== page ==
Taylor Robinson: Unit 9 – What’s Motherhood Got to do With It?

The movie and readings for this week focused on themes related to motherhood, including how it is defined with regards to surrogacy, religion, and women’s agency. Two of the readings, both published in 1991, “Reproductive Technologies and Surrogacy: A Feminist Perspective” and “New Reproductive Technologies: Protestant Modes of Thought”, focus on theories posed by a feminist and Protestant ethicists, respectively. In contrast, we looked at two ethnographic approaches completed in the past 10 years, “Made in India” documentary and “Blessing Unplanned Pregnancy: Religion and the Discourse of Women’s Agency in Public Health”, which observe various women’s experiences with pregnancy, whether unplanned or via reproductive technology. These methodologies allow us to take the issues with motherhood posed 20 years prior and apply it to the life experiences of women observed today.   

Barbara Katz Rothman’s paper, “Reproductive Technologies and Surrogacy: A Feminist Perspective”, details her perspective as a feminist, sociologist, and surrogate mediator. She details her opposition to surrogacy due to its “underlying ideology of patriarchy” (Rothman, p 1599) and employs a feminist perspective to argue against the support of surrogacy. Rothman uses the example of Baby M to demonstrate surrogacy results in issues regarding custody of the child. We see similar complications of this nature arise when Lisa and Brian Swtizer of “Made in India” encounter legal obstacles taking their twins from the Indian hospital. She claims the ambiguous and complicated genetic relationship, which is forged by the existing patriarchy for their ultimate benefit, demonstrates that women are “just the flowerpot in which men plant it…mommy is simply dirt” (Rothman, p 1603). Rothman also argues women’s gestational process allows them to earn motherhood, stating that “her nurturing of that child with the blood and nutrients of her body establishes her parenthood of that child” (Rothman, p 1607). She argues that the patriarchal system fails to recognize the intimate social relationship women have with the children they carry and allows for the commodification and subsequent purchasing of a woman’s parenthood.

 I’m curious as to how Rothman would presently view medical tourism for surrogacy and if she would attribute this to an extension of colonialism and the patriarchy. India is just one of many countries with a long, brutal history of colonialism that find themselves hotspots for medical tourism companies such as Planet Hospital, which is featured in “Made in India”. I would be interested to hear Rothman’s thoughts with regards to the extension of means and privilege beyond domestic borders in pursuit of cheaper reproductive technology.

While Rothman states her opposition is separate from religious institutions, Gilbert Meilaender writes about surrogacy through various Protestant viewpoints in “New Reproductive Technologies: Protestant Modes of Thought”. His paper displays prominent Protestant theological ethicists interpretations of surrogacy through a Protestant lens. Meilaender identifies the differences in their arguments and attributes them to various interpretations of religious texts, a point he attributes to the diverse thinking of Protestantism, compared to the reliance of religious institutions, such as  Catholicism.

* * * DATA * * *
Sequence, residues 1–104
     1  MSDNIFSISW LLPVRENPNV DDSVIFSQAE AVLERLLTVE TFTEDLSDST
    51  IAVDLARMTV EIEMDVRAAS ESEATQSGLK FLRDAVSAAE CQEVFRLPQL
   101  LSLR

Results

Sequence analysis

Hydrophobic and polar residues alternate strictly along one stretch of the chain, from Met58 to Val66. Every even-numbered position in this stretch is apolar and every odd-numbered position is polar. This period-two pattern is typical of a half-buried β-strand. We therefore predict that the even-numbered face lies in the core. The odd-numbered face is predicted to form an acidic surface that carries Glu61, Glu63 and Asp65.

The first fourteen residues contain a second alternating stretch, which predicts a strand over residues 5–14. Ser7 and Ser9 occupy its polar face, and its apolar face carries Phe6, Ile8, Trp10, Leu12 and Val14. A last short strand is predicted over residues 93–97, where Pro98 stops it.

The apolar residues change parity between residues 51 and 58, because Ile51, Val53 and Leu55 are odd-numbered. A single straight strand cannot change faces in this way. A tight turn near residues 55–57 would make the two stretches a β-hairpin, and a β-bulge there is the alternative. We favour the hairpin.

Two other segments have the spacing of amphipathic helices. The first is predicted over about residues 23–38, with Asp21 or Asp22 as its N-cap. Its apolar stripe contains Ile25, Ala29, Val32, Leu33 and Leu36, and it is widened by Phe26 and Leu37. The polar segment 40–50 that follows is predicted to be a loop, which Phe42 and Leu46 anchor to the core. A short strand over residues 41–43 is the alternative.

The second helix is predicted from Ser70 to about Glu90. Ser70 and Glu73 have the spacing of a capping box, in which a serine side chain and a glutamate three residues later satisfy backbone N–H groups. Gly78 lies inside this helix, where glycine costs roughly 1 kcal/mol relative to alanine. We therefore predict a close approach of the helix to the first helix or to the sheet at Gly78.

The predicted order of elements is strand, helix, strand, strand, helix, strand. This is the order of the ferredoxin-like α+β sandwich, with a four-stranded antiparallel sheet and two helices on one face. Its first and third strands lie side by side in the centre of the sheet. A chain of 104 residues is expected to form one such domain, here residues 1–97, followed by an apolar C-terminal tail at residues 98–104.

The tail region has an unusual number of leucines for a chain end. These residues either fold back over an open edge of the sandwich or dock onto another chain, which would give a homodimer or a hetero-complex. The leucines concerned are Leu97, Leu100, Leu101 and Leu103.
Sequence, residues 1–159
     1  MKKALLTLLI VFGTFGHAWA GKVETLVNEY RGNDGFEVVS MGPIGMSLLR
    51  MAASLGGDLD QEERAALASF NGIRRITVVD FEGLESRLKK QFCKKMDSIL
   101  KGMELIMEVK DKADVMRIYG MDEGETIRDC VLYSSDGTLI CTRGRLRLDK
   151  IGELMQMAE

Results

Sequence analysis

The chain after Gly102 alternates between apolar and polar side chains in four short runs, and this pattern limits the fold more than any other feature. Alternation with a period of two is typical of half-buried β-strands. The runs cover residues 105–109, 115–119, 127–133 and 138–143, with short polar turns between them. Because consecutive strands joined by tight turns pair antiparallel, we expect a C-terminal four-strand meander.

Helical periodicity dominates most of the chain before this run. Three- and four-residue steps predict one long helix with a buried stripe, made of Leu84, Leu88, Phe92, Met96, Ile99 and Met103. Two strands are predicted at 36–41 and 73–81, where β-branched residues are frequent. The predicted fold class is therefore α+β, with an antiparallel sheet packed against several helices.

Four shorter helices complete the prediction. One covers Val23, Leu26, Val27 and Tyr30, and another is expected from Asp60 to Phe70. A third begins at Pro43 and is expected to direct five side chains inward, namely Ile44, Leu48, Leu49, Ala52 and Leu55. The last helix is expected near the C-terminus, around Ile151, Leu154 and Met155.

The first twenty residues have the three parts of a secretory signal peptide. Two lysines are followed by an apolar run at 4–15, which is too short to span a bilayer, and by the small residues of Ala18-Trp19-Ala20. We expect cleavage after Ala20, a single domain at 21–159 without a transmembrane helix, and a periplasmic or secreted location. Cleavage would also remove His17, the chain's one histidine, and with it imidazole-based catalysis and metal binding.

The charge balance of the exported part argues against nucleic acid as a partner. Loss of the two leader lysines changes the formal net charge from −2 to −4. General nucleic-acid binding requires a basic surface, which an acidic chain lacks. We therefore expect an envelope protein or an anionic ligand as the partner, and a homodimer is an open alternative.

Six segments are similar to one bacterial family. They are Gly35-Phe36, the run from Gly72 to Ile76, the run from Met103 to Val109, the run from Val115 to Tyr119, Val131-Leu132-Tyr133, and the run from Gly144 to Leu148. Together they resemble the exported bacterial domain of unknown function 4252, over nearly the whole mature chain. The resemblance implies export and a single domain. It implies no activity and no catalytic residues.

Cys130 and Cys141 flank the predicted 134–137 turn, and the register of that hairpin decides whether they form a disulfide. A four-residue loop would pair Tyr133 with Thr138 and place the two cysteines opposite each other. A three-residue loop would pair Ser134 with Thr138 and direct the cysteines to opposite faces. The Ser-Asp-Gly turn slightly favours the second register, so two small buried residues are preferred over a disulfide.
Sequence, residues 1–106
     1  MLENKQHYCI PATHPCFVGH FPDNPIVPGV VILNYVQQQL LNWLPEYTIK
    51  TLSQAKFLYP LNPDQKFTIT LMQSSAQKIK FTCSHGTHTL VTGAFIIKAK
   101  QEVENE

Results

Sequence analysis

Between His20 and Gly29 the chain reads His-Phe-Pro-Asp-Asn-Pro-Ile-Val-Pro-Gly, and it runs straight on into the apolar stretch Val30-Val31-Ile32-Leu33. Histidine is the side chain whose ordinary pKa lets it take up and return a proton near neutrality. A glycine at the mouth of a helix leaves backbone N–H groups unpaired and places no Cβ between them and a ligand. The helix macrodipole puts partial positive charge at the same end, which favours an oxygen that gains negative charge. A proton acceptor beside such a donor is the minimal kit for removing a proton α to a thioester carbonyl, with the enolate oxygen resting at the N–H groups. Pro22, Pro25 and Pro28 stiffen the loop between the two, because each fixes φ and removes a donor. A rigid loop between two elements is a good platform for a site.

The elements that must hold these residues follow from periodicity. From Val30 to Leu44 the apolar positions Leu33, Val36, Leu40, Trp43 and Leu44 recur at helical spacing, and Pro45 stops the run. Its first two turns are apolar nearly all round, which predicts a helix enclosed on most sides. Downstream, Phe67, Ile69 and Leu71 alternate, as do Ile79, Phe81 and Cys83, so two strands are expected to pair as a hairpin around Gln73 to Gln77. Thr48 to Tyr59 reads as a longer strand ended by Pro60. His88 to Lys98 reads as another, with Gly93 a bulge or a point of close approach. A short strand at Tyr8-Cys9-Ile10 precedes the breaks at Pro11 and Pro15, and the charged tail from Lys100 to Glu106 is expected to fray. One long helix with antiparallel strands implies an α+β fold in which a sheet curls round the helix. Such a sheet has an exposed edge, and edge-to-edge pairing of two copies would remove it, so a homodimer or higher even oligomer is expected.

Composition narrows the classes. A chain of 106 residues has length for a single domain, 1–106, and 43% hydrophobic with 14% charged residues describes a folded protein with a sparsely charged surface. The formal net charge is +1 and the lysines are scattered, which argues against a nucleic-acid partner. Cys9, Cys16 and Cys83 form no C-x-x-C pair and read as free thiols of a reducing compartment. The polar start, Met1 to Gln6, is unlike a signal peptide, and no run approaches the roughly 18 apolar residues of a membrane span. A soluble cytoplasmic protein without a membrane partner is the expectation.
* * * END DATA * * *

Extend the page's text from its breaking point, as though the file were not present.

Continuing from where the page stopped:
Meilaender begins by looking at the meaning of parenthood, in which ethicist Janet Dickey McDowell sources the Biblical story of Abram, Sarah, and Hagar to suggest “there is a high value on procreation”. We’ve seen this scripture used in other arguments regarding reproductive technology, including Rothman’s use of the text to suggest the fundamental message in the story of Haagar because mothers do not define the relationship. The father defines the relationship.” (Rothman, p 1601). Meilaender demonstrates the variability among Protestant ethicists by referencing  Paul Simmons contrasting argument that “these are parents by design, intention, and purpose”, reinforcing the commitment one endures through reproductive technology reassures love for their children and should we welcomed (Meilaender, p 1639). Overall, Meilaender’s use of multiple Protestant ethicists interpretations of surrogacy reinforces the idea that religious associations with surrogacy and reproductive technology are not black and white, especially within the Proestant Church. 

The documentary by Rebecca Haimowitz and Vaishali Sinha, “Made in India”, follows American couple Lisa and Brian Switzer as they travel to India to seek reproductive technology. After 7 years of infertility, the couple uses the aid of a medical tourism company to hire a surrogate, Aasia, for a substantially lower cost than in the US. This ethnographic film documents outsourced surrogacy and motherhood from the perspective of both the biological mother and gestational carrier.